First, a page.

18 February 2011

You Could Be a Dog on the Internet

There was a piece on NPR the other morning about the difference between your Internet persona and the person you really are. In addition to places like Second Life, where you consciously create an avatar who may or may not be kind of like the real you, there are the tracks you can't help but leave behind in e-mail, IM, blogs, Facebook, Twitter, and all the other kinds of e-communication that people use to form an image of what you must be like.

That got me thinking about what I must seem like to people who only know the e-me. What do you reckon? Dour? Sarcastic? Cynical? Not misleading, I'm afraid. That's the real me. Guilty, guilty, guilty.

I've had people tell me I seem shy. I am, a little, but I don't think that's what they're seeing. It's just that my mom always said, "If you can't say anything nice, don't say anything at all." I frequently don't have anything nice to say. Similarly, I'm frequently rude, although that's not my intention. At least not usually. I'm just oblivious to the finer points of social interaction. I'm not great fun at a party.

So the e-me is pretty much the same as the real me, as unpleasant as that may sound. Or rather, it's the same as the real me used to be. On the Internet, my arms and legs work as well now as they ever did.

Although this blog is all about MS and disability (more than I would like, truth be told), elsewhere on the 'net I probably look pretty normal. Corresponding with people I haven't seen in person since before MS really started to kick my butt, it usually doesn't come up. In most contexts, having MS shouldn't matter. I wouldn't say I'm hiding behind my able-bodied Internet persona, exactly. It just doesn't come up.

As much as I like being able to preserve a part of my life where MS just doesn't come up, it can make meeting people in person kind of awkward.

There is a plan in the works to get together, real life in person, with a couple of people I used to work with. In fact, they were the reason I moved from Michigan to Seattle in 1995. They're both smart, talented, funny, well-read and widely-traveled. They make me feel kind of ignorant and hopelessly provincial. I like them a lot. They have both known I have MS for about as long as I have, but I haven't seen either of them in person for several years. When last we met, I was a lot more capable than I am now. Although we've kept in e-touch from time to time, my physical abilities, or lack of same, just didn't come up.

So when we meet, acknowledging the differences between my Internet persona and the real me will be kind of awkward, but we'll get past it, then Scarecrow will conduct a guided tour of our remodeling project. We'll catch up on the gossip at the places I used to work. Our dogs will convince them that whippets are unmannerly and disrespectful. We'll resolve to meet up again, which may or may not happen. It'll be fun.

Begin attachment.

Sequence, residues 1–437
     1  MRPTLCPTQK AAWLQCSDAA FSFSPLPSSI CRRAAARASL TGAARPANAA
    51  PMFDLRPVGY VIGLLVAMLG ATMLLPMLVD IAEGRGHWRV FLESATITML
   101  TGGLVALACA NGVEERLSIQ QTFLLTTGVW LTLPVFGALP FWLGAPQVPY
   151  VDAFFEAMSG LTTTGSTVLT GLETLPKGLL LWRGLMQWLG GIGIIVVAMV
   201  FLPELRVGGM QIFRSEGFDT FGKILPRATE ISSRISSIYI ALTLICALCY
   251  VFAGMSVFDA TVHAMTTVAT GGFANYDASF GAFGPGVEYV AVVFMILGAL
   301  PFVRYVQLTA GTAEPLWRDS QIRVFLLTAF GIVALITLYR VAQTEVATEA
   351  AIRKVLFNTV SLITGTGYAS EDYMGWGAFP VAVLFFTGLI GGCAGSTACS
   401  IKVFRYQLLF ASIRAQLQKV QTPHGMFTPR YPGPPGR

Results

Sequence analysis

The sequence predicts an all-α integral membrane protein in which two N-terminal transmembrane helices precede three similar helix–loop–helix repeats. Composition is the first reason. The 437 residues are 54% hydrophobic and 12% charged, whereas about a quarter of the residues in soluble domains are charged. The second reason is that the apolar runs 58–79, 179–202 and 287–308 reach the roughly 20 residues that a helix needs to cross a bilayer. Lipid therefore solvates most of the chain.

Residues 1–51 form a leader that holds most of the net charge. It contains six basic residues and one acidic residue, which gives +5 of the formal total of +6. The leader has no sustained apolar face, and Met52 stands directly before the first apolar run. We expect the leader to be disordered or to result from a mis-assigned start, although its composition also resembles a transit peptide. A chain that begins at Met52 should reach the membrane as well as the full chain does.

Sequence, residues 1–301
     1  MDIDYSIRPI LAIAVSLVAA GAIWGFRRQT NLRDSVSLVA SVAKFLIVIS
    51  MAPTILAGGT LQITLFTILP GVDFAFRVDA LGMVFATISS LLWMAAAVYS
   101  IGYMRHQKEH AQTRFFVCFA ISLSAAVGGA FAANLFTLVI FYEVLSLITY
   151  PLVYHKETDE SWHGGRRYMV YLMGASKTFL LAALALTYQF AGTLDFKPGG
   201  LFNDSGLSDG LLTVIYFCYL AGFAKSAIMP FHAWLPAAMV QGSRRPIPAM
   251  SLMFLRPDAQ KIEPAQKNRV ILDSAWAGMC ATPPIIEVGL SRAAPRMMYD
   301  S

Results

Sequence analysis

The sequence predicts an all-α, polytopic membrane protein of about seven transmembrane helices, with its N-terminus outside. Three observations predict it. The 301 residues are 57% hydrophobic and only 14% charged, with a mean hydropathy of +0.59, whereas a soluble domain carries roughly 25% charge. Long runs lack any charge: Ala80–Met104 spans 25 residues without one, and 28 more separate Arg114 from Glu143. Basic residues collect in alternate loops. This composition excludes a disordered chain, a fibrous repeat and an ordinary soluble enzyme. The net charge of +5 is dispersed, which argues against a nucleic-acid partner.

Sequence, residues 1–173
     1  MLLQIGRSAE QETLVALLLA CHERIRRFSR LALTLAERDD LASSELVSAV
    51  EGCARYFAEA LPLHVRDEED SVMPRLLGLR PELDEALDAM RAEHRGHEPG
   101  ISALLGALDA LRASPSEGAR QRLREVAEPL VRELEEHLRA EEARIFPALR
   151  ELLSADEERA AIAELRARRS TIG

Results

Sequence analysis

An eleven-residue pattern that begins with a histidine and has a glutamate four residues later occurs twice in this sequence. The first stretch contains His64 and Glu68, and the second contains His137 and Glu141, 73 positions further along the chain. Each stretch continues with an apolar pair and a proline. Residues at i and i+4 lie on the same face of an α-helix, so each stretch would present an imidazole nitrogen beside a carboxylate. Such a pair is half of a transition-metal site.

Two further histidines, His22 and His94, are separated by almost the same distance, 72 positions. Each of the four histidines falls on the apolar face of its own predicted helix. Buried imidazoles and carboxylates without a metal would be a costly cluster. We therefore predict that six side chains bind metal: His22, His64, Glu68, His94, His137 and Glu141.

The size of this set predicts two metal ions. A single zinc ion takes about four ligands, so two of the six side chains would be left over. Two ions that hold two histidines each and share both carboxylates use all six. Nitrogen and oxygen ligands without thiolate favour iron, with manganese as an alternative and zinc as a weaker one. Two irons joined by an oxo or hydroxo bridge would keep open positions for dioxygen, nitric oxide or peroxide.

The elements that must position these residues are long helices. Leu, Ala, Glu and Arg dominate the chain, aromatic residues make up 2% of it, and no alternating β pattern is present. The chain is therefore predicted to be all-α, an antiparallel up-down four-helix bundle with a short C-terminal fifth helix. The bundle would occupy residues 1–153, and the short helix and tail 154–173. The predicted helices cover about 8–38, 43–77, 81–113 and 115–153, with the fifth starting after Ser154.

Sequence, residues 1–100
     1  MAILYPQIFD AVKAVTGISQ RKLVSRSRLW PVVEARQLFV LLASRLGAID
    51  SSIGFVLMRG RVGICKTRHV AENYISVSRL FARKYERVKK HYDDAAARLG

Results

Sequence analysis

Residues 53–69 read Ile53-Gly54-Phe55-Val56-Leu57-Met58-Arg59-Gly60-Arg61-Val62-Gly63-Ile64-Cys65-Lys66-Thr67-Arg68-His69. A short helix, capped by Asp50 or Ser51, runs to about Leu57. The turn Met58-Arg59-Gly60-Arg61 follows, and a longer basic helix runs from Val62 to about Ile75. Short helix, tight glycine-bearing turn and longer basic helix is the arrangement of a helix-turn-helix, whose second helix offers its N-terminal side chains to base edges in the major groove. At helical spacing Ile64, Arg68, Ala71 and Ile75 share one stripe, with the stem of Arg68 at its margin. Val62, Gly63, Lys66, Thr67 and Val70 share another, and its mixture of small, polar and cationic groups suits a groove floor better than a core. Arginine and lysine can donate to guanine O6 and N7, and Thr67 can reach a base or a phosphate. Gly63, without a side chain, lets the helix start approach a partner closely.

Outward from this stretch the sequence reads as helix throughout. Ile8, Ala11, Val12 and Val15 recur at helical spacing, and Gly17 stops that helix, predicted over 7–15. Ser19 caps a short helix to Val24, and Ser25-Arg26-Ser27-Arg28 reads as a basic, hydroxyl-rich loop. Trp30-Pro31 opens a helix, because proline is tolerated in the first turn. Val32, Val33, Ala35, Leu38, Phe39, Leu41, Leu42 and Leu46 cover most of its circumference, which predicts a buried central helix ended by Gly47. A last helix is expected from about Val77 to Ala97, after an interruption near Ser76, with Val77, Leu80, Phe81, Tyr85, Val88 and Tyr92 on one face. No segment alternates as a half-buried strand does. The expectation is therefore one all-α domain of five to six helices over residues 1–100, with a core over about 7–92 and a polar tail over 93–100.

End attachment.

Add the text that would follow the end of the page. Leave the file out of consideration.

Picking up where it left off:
Then I'll go back to being the e-me.


  1. The e-me and the real me are exactly the same...well okay... the e-me wears way too much make up ;)

  2. I don't mean to be a chameleon but I am somewhat in that different people bring out different aspects of me.

    I'm pretty sure my online persona doesn't necessarily jive with the complexity and totality of who I am. No intention at deceit, it's just that online outlets are rather limited in dimensions.

    From your online persona, I see dry wit humorizing situations by understating them -- maybe that's what you refer to as sarcasm. I don't pick up the other things you mentioned but I'll take your word that you're a dour rude woman ;)

  3. Well my e-me is probably much nicer than the real me. Not sure afraid to ask!
    I am socially inept. But I have good sense of humor most times.

    Sounds fun getting together with old friends. This is from a person who has never ever attended a reunion high school or otherwise LOL But it will be great - the dogs told me so.

  4. I'm not so very different from the real me, except my name of course. If I am Diane will set you straight, if she wants.

    I hope your get-together with past workmates goes well. They may be shocked, and wonder what to say, as "How are you?" and "What have you been up to lately?" don't seem proper. But you will set them straight, I know. With as much as you read you will have much to talk about.

    Sarcastic and cynical, I agree, but dour? Say it isn't so.

  5. I so know what you mean, but for me, it's "So what!" I may not express in my email, facebook, etc., the MS me, but I'm NOT that person. The real me is still there. I just have to navigate people's gazes past the disabled part and have them concentrate on the real me part. Hope you enjoy your visit!

  6. LOL, Webster is just like her e-her. All the bloggers I met in person were no different. I try to cover all of ME on my blog, FB, Twitter, I yam what I yam. I have only run across two bloggers who seemed phony and they disappeared eventually. Buyer beware. I bet it goes well with your old chums. Oh, and I LIKE who you are.